Today we had a production migration and brought over one of our legacy applications from a data center located up north to one located in South Florida.
1. The locations are disconnected and far from eachother
2. We are going up 3 releases. From 2000 to 2008 R2 (8.0 to 10.5)
3. We are Downgrading from Enterprise Edition to Standard Edition
4. We are going from a 32-bit architecture server to a 64-bit one (X86 to X64)
The solution. We separated this into 2 pieces. A pre-migration and production migration process.
First, ensure that there are no enterprise edition features used. We were lucky this time as there were really none in the source database. But as an example, we got another server running 2005 EE which will be migrated to 2008 R2 SE and had partitioned tables. That is something to be taken care of before migration.
Second, ensure that the database has no corruption. A DBCC CheckDB needed to be performed on the source before backing it up.
Third, prepare for a test with a latest full backup. We FTP’d over the last full backup during a weekend and restored onto the target server running 2008 R2. We gzipped the files before transferring, but it was painfully slow still.
Fourth, restore and ensure that the databases open with no issues whatsoever. Update statistics and reindex any important table that is really defragmented. This is a challenge in Standard Edition as reindexing cannot be performed online.
Fifth, test and retest. This requires a lot of help from the Application Developers and QA Team. Ensure that functionality is intact and most importantly, that the database is always in a healthy condition (no excessive I/O reads, no high CPU utilization, etc).
Sixth, let the QA team sign-off.
Production Migration Process:
First. Plan the work. Create checklists with detailed steps to be performed before, during and after migration.
Second. Perform a full backup on the source server. We chose Saturday night. Disable the full backup job on the source server. Ensure that transaction log backups are still running at the source.
Third. Compress the backups, FTP to Florida, decompress and start restoring onto the target server.
Fourth. Bring over the transaction logs and continuously apply to the target server.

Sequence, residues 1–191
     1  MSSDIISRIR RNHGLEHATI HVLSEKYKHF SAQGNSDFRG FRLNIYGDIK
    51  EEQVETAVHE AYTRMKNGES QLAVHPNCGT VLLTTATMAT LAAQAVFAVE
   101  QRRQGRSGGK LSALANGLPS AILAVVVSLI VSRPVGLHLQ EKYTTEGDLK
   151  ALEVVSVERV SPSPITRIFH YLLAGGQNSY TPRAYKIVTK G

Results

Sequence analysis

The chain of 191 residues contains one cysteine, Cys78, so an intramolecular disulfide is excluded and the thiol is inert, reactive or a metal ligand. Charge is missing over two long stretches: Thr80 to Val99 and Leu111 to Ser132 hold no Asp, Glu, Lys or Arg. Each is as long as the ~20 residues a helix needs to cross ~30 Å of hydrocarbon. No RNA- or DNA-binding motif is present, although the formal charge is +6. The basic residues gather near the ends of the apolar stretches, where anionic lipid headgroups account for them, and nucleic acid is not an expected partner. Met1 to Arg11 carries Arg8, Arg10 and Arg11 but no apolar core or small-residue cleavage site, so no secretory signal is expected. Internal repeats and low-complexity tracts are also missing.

Fifth. In our environment we were able to disable outbound services and show a maintenance page on the web apps. This way the source database was accepting data but not processing it.
Sixth. Take a last transaction log backup, apply it to the target and open the databases.
Seventh. Update statistics, reindex for required objects and perform sanity check tests.
Eighth. Let the Infrastructure team make appropiate changes (like DNS) and enable services.
Ninth. Sync up any missing data. In our scenario, we were able to code an application that extracted missing transactions (just a few thousand) from the source server and apply to the target server. Let QA Test and Sign-Off.
Tenth. Perform a full backup and enable all maintenance jobs with appropriate schedules.
Each migration will have its own steps and some will be more difficult than others. I have specified very high level bullet points of what needed to happen for this particular migration.
What if the unplanned happens:
First, every checklist should have a rollback plan. In our case, we had steps to follow in case we needed to stop the migration. On the DB side was pretty simple as we just stop restoring onto the target server, go back to the source and enable maintenance jobs. Of course there are other steps that needed to be followed by development and infrastructure members.
But today we had an interesting scenario. While recreating indexes on a 25 Million row table, the DBA stopped the SQL Agent, which was part of the process outlined on the checklist. The problem, it was stopped through the Services Panel instead of the SQL Configuration Manager. So what happened? The Clustered service freaked out and decided to perform a fail-over.
The instance started but the database status was “in recovery”. As per the SQL Log, it was going to take like 2 hours to rollback all the changes. We had 2 options; 1 to just execute the rollback plan, or 2 drop the database and restore it once more.
We decided to execute option 2 as the transaction logs were small. The bulk was restoring the full backup, but fortunately it was done in under 30 minutes; not bad for a 120 GB database.
Now how did we drop the “in recovery” database? We opened the SQL Configuration Manager, offlined the database instance, deleted the datafiles from the “in recovery” database and re-started the instance. Of course the SQL log was complaining about missing files, so we went ahead and dropped the database.
We are now live on a new 2008 R2 instance, and are current with backups. Interesting to see that with database compression a 120 GB database backup uses just 25 GB of disk space.
This was our last SQL Server 2000 instance.